• Only assessing on the basis of credit rating does not cover the requirements needed to identify a supplier’s assets and risks.
  • More sources of information are needed to be able to comply with what has been determined. Hunting down reliable information takes a great deal of time.
  • Open, free digital services for company information are constantly being changed and updated and create a risk of not being able to comply with the processes that have been determined.
Supplier follow up

And following up on the suppliers? It is difficult to get a complete picture of all the company’s suppliers. Even suppliers with agreements. Quite simply, there is often a lack of current and relevant statistics on the purchasing that is done within the organisation. “Rogue purchasing” is a widespread problem and working on supplier and agreement follow up is a time consuming process that for many companies is still performed entirely manually.

Most companies we ask admit that they lack a clear and common plan for coordinated purchasing, where information about purchasing is not only shared within the purchasing organisation but where processes and procedures reach out to the entire company and are complied with.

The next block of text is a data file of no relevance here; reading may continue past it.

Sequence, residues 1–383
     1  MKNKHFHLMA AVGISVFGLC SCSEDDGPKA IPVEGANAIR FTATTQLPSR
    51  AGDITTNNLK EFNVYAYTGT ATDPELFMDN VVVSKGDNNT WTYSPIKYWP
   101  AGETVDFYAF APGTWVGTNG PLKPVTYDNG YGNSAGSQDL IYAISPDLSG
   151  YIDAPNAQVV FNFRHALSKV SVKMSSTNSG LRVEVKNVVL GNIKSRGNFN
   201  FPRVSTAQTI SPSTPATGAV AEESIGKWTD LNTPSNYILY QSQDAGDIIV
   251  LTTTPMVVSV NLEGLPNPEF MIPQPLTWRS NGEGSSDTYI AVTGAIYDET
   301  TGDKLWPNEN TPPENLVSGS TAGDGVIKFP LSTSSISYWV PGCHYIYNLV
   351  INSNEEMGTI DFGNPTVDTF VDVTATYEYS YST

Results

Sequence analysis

Monitoring changes in the supplier register is a big problem for everyone we talk to. Having control over which new suppliers have appeared, and which have been lost, is a key figure that is important to have control over. Knowing that suppliers in the register are updated with the right information, and that they still follow the code of conduct that was secured when they started, is even more important.

Procurement & Purchasing Reviews
Good solutions for overcoming the problems

Inyett Search
Search for and control supplier information.

Inyett Company Control
Assessment and classification of suppliers when setting them up or for monitoring.
Critical information for customers and suppliers in areas such as Fraud, Finance, Remarks & Observations.

Inyett Payment Control
Critical notices for suppliers in areas such as Fraud, Finance, Remarks & Observations

Inyett Register Analysis
Analyses supplier registers.

Inyett Company Data
Updated company information for use when setting up suppliers.